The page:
I don’t usually read Forbes magazine, but I can’t keep myself from picking up the yearly edition in which the magazine announces its roll of billionaires. I like to check whether or not I made the list. I know this may surprise you, but I have never seen my name alongside Bill Gates and Warren Buffet. Before I became a Christian, I used to think making the Forbes list would be the ultimate sign of greatness. But God defines success differently, doesn’t he? Just because the people on that list are great in the world’s eyes doesn’t mean they are great in God’s. Then again, they may be, but if they are, it has nothing to do with their financial achievements.
The good news is that you and I don’t have to be on that Forbes list, or any other list, to be great. God has another way for you to be great. And God’s path to greatness is also something that is a key to your health. Isn’t it just like God to arrange things that way? You can wake up every morning and be extraordinary. You can go to bed every night knowing you are partnering with God to make a difference. How? By being willing to help others. Jesus said, “The greatest among you must be a servant.” (Matt. 23:11).
Serving others is good for your spiritual, physical, mental, and emotional well-being. Though helping others may not get you featured in a magazine, doing so in ways both big and small will have a significant effect on the quality of your life and your overall health. In fact, a principle–often referred to as the Greatness Principle–says that when you bless others, God blesses you.
Though helping others may not get you featured in a magazine, doing so in ways both big and small will have a significant effect on the quality of your life and your overall health.
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Of course, many benefits of serving others are tied to the benefits of having strong relationships in your life, since serving often leads to deep connection with the ones you are serving or the ones you are serving alongside. Serving is also scientifically linked to a longer life-span, better pain management, lower blood pressure, and greater happiness.
Studies show that when you do something to help someone else, the reward center of your brain pumps out the mood-elevating neurotransmitter dopamine, creating what researchers call a “helper’s high.” That sense of well-being has long-range effects.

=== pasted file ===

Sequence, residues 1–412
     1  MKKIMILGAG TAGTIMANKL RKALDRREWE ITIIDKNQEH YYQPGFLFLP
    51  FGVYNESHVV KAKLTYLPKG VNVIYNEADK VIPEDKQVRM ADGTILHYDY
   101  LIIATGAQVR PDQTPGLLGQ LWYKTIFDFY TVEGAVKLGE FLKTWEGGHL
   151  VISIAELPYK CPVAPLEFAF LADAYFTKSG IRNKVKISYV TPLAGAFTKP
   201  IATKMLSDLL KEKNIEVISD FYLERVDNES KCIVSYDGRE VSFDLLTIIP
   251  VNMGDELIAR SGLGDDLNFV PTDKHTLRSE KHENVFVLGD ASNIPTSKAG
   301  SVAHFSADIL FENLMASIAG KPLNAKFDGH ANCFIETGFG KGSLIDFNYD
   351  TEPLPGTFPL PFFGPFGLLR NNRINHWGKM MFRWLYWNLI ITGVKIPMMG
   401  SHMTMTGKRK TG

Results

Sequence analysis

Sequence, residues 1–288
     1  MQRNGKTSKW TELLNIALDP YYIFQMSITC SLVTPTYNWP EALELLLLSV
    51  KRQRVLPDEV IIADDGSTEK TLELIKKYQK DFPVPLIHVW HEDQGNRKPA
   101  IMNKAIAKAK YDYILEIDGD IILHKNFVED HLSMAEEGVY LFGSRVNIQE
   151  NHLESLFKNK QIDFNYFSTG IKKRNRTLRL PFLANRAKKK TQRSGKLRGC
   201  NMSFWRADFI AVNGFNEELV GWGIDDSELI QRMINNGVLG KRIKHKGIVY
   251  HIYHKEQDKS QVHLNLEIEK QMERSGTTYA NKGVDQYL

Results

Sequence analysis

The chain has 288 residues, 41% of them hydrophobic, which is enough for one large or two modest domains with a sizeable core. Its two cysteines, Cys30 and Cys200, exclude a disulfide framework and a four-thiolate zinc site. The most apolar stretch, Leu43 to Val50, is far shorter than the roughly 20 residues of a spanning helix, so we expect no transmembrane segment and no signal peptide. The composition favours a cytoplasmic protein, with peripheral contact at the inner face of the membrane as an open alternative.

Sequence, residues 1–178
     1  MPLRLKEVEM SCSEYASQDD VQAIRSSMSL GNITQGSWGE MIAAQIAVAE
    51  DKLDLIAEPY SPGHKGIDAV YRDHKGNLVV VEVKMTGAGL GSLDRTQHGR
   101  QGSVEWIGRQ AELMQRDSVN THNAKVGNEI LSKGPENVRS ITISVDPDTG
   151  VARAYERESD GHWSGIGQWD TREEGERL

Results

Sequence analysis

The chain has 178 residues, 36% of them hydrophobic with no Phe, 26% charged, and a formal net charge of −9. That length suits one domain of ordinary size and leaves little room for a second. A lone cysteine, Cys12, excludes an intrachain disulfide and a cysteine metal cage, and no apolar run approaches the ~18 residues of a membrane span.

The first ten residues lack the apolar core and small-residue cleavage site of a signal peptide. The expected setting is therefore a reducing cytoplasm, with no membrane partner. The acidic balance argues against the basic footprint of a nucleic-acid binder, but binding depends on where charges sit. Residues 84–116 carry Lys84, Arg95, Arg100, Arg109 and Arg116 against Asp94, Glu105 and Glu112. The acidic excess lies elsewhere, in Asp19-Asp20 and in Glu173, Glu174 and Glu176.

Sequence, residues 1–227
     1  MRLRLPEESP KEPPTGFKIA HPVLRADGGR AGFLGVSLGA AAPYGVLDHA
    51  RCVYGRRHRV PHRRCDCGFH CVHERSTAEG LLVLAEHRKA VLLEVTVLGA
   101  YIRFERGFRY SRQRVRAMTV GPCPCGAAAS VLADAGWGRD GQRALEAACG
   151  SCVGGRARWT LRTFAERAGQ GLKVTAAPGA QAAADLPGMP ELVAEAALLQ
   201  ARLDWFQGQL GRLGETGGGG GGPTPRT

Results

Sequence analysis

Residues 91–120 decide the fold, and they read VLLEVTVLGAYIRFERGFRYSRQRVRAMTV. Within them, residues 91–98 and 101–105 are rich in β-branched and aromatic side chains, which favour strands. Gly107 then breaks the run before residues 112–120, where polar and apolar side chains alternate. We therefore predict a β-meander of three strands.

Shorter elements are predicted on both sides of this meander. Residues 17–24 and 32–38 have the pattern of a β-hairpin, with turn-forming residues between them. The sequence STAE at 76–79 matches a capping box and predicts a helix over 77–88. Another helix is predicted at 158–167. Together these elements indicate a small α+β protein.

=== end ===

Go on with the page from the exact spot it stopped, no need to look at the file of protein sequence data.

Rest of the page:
Here are seven ways to start seeing and meeting needs around you, doing your health and well-being a favor in the process:
- Encourage the people around you.
- Help someone in need.
- Invite your friends to church.
- Connect with your family.
- Pray for your friends.
- Serve your city or town.
- Join a volunteer team at your church.
Stay open and sensitive to God’s guidance. Act on small opportunities that present themselves daily. Pay attention to your passions and gifting as you think about how you can serve in bigger, ongoing ways. When you do those things, you will be able to step forward into the world ready to serve others well–and boost your own health and happiness immeasurably at the same time. Plus, you will have the joy of knowing you are engaging with God in a meaningful, tangible way. What could be greater than that?
Stay open and sensitive to God’s guidance.
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– Nelson Searcy and Jennifer Dykes Henson
The above excerpt is from p. 109-116 of The New You: A Guide to Better Physical, Mental, Emotional and Spiritual Wellness.
With your copy of The New You, you will come away with specific strategies on how to lose weight, get more sleep, lower stress, nurture better relationships, connect with God and much more! Anyone who wants to trade in the frustration of average living and less-than health for the hallmarks of the new life God promises will find The New You an effective personal guide for the journey.
Your partner in ministry,